Members of juvenile review boards and local youth services departments say the boards are better suited to meet the needs of a child. Local agencies, they say, can provide one-on-one case management and monitoring, referrals to treatment services and opportunities for community service, for example.

“Both police and town administrative cooperation really helps with the success of these diversion programs,” Lockhart said.

In a typical program such as in Montville, all juvenile arrests are administered by one police officer, called the gatekeeper. “He or she will look at all the juvenile arrest cases and determine if each is appropriate for juvenile review board,” Lockhart said.


Usually, the boards take first-time offenders, though there are exceptions, Lockhart said. “If a child gets arrested for shoplifting at age 11 but didn’t have the opportunity to come to the board, and then was referred at 15 for a school altercation, we’re not going to refuse that kid,” she said.

The board is comprised of representatives from the Department of Children and Families, schools, police, juvenile court officials, clergy and community members.

Lockhart meets with the child and his or her parents to discuss the particular case. If the case is deemed suitable for the review board, the parent and child can choose to sign a contract. In exchange for a lesser punishment, the offender gives up some rights he or she would get in juvenile court. For example, an attorney is not present at a juvenile review board hearing.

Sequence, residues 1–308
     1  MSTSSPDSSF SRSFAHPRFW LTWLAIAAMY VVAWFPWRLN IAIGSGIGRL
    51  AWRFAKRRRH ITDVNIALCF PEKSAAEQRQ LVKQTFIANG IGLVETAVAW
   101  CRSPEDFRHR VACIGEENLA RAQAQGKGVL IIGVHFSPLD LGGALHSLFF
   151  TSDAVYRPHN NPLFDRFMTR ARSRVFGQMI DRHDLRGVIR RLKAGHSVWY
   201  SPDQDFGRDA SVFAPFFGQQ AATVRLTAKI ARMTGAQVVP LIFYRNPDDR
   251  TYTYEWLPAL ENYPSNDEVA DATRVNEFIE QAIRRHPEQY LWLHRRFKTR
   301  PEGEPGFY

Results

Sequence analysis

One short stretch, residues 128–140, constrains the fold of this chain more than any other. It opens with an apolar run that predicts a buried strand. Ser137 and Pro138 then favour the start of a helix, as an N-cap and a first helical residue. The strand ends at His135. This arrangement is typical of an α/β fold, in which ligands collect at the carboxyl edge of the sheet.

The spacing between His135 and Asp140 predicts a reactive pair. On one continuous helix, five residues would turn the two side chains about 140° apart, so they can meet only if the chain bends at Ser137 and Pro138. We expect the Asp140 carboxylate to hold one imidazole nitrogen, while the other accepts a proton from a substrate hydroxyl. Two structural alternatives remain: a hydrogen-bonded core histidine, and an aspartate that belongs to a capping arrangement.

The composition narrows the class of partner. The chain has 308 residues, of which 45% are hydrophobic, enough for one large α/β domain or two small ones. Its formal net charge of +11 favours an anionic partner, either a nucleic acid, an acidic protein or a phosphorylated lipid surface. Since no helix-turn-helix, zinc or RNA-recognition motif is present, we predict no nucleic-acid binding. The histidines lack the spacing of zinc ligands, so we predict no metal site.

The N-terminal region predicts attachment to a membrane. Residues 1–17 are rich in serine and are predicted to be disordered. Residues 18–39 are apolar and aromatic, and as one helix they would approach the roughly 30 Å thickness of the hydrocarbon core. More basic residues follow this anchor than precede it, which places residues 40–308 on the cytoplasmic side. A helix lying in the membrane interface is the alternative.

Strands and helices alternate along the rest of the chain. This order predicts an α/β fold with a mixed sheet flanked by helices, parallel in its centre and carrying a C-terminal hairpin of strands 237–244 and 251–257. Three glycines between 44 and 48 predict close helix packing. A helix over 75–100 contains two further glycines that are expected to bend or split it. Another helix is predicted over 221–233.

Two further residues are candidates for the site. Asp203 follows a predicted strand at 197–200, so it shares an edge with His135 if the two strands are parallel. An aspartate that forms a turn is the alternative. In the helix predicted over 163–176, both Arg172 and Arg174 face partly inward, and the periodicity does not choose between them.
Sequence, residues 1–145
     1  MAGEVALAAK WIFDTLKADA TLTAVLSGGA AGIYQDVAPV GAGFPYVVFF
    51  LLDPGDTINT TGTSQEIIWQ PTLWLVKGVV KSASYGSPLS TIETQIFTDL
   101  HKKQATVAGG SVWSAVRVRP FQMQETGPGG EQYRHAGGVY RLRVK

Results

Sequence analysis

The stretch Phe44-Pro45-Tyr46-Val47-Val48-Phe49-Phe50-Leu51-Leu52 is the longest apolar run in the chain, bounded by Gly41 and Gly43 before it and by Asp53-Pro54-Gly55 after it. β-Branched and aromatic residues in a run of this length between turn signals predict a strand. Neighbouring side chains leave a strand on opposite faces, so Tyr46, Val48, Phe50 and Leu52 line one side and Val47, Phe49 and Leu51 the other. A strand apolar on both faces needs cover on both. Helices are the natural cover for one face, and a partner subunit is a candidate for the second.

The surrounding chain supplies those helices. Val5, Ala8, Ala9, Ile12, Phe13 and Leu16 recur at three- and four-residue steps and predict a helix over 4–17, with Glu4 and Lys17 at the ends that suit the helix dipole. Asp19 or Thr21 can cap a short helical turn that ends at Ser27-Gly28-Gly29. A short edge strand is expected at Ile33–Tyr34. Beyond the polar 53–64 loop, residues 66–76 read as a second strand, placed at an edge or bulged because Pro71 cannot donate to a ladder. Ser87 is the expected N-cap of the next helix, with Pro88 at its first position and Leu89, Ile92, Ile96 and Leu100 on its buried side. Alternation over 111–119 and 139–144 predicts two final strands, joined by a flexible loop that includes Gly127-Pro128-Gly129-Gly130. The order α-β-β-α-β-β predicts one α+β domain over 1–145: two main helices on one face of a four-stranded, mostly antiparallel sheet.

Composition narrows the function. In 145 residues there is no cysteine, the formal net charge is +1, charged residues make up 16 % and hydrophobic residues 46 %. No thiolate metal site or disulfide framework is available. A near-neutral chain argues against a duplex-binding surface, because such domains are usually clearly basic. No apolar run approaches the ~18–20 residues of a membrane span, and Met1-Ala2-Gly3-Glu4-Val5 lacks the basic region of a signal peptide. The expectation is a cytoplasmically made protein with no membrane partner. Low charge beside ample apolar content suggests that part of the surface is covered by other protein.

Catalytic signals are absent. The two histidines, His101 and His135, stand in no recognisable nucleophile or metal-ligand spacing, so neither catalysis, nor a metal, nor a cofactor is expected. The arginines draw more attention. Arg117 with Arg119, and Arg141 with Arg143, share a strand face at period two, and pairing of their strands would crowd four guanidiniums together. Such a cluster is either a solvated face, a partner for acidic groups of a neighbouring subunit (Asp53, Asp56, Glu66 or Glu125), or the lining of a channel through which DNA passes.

“Basically, we try to get to the bottom of why they did what they did in the first place,” Lockhart said.

Diversion contracts for children can vary, from performing community service or other work to making restitution for property damage or writing an essay or apology letter.

Often, children receive counseling services. “There’s a very strong connection between mental health and juvenile behavior,” Lockhart said.

Other stipulations can include that the child must not be sent to the principal’s office or that he or she must improve a grade.

Cases typically are open for 30 to 60 days. But new provisions that are part of the DCF grant mean that cases must stay open for six months.

That’s an improvement for case workers such as Lockhart, because it gives them a longer sampling window, and a better idea of how effective the boards are.

Because offenders are younger than 18, the cases are shielded from public view according to state privacy mandates. But those who take part in the diversion programs are asked to leave feedback as part of a survey all participants complete.

Anonymous responses from Montville children indicated they found value in the program.

“Everyone here seemed like they really cared about me, and did not see me as a bad kid,” one offender said.